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The Fundraiser’s Practical Guide to Older Donors: 3 Things You Need to Know

One of the most difficult things about fundraising is the gap between most fundraisers and most donors. (If you are in your 50s or later, you probably already know what I’m going to say in this post.)

Ours is a young profession. Most professional fundraisers — including you, most likely — are below age 50. Or 40. Or younger.

Most donors are above 60. And even more above 70.

This is not because the fundraising industry lacks the ability or imagination to connect with younger people. It’s a combination of human biology and cultural forces. 

Biology: There’s a change in brain chemistry that happens usually in your 50s. You become more right-brained. More emotional. More story and belief driven. More empathetic, aware of the challenges other people face. These things drive us to donate more often.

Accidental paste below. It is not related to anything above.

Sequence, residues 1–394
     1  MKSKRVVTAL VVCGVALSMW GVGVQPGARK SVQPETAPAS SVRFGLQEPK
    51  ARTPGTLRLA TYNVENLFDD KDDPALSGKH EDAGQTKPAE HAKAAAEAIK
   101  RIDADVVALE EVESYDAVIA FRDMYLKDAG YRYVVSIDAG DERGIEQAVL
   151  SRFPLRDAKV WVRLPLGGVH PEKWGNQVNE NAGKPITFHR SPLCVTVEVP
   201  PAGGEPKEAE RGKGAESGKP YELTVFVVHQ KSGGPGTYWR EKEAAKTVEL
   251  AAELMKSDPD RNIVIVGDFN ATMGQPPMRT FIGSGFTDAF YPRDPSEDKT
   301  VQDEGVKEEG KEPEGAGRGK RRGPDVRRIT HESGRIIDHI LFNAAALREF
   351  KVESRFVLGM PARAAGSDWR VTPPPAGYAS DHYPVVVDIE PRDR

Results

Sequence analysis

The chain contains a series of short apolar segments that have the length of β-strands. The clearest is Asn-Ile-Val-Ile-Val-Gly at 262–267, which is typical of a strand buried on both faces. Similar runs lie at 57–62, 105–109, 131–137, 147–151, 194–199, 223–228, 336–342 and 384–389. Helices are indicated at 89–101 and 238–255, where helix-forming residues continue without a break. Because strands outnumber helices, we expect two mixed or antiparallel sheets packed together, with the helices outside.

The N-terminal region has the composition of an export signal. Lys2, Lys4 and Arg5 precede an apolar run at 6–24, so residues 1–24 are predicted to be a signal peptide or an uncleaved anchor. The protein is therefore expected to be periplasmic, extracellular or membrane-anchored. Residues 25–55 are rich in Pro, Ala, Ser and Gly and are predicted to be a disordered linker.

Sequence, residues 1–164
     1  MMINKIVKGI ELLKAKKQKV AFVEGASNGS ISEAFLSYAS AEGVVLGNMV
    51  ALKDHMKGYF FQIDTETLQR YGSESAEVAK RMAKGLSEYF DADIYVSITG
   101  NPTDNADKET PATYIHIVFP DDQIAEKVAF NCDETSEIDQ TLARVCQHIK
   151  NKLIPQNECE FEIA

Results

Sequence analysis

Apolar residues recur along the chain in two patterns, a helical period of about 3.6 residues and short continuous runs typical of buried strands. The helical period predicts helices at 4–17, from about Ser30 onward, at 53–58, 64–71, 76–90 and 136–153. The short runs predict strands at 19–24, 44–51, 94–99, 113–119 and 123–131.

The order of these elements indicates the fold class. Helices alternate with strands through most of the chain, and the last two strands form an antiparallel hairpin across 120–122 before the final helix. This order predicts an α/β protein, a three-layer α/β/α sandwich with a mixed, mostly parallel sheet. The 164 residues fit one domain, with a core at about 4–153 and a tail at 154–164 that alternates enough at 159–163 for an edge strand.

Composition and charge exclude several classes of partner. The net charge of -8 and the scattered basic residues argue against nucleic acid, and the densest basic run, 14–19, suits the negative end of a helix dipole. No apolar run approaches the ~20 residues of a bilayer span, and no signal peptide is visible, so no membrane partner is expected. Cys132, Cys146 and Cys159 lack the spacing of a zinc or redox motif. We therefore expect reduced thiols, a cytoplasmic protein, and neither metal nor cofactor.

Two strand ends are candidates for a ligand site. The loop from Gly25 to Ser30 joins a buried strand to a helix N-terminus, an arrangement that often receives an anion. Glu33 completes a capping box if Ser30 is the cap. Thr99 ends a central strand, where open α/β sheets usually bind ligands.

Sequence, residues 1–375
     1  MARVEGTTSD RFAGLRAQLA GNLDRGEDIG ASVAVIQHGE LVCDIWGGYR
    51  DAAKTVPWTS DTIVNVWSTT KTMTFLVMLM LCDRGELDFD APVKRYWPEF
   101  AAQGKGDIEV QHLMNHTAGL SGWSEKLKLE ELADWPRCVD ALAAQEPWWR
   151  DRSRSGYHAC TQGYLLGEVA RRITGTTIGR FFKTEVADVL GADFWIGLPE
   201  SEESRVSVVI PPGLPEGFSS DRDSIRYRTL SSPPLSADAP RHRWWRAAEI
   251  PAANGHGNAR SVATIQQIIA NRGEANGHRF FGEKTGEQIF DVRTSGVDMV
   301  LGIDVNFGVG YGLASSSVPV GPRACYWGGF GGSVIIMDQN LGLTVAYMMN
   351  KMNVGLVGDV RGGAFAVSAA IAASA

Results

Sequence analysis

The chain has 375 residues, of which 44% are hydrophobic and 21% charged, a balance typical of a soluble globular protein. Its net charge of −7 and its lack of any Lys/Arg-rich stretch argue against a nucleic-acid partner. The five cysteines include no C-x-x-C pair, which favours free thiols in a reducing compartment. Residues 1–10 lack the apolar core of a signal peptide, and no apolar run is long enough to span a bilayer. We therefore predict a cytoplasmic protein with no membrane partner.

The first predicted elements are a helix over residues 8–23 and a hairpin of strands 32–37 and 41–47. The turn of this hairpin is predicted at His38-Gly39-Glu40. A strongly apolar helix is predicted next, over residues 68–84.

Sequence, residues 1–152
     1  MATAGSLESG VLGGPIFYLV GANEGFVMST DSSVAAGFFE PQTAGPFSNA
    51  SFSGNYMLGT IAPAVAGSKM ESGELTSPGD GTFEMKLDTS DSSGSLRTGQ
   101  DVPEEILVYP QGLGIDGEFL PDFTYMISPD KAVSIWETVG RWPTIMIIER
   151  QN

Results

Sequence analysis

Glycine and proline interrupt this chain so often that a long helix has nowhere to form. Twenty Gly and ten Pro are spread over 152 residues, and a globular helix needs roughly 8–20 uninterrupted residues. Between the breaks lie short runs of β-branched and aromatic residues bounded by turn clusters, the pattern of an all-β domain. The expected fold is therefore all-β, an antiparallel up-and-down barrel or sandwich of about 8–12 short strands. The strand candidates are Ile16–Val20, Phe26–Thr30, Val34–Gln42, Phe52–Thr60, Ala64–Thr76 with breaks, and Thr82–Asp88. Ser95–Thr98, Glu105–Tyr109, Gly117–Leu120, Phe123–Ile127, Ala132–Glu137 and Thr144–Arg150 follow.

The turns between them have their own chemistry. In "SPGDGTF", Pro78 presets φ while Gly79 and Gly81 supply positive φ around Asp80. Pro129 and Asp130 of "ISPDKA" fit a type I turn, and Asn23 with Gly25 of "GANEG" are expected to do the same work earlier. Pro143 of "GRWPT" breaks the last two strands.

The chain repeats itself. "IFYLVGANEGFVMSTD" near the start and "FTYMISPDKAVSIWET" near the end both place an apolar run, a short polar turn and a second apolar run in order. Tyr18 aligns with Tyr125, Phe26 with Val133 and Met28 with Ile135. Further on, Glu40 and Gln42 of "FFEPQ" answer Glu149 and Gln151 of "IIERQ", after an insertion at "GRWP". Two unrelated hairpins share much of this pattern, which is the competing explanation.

Culture. At about the same time, life changes in significant ways as you age. Kids grow up and move out. You have more time (and for some, more money) than you’ve had in decades. There’s a sense that after so many years running hard in the rat race, you can finally look around and see the world and your place in it. Somewhere along the way, many people retire, giving them even more time to think and notice the world — and be involved. It’s common at this age for people to discover (or rediscover) their religion or spirituality.

That’s why older donors are so much more likely to donate.

With few exceptions, donor files are dominated by people older than 60. Maybe more important, if you look at donor retention rates by age, you will see a strong correlation between age and retention. Older donors are dramatically more likely to keep on giving.